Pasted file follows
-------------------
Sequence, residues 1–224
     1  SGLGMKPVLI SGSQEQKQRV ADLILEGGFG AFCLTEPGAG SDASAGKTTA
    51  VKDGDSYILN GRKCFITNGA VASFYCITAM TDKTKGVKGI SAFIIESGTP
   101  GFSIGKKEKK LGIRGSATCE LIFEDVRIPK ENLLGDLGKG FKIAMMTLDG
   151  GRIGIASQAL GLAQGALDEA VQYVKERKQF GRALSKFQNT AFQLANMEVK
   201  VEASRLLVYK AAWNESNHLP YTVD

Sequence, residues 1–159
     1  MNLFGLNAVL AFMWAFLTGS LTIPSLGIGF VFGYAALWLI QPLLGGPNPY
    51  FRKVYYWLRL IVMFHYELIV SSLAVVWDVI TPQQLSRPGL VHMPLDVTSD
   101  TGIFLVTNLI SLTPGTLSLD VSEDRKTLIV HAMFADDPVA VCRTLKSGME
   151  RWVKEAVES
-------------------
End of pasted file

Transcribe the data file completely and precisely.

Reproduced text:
Sequence, residues 1–224
     1  SGLGMKPVLI SGSQEQKQRV ADLILEGGFG AFCLTEPGAG SDASAGKTTA
    51  VKDGDSYILN GRKCFITNGA VASFYCITAM TDKTKGVKGI SAFIIESGTP
   101  GFSIGKKEKK LGIRGSATCE LIFEDVRIPK ENLLGDLGKG FKIAMMTLDG
   151  GRIGIASQAL GLAQGALDEA VQYVKERKQF GRALSKFQNT AFQLANMEVK
   201  VEASRLLVYK AAWNESNHLP YTVD

Sequence, residues 1–159
     1  MNLFGLNAVL AFMWAFLTGS LTIPSLGIGF VFGYAALWLI QPLLGGPNPY
    51  FRKVYYWLRL IVMFHYELIV SSLAVVWDVI TPQQLSRPGL VHMPLDVTSD
   101  TGIFLVTNLI SLTPGTLSLD VSEDRKTLIV HAMFADDPVA VCRTLKSGME
   151  RWVKEAVES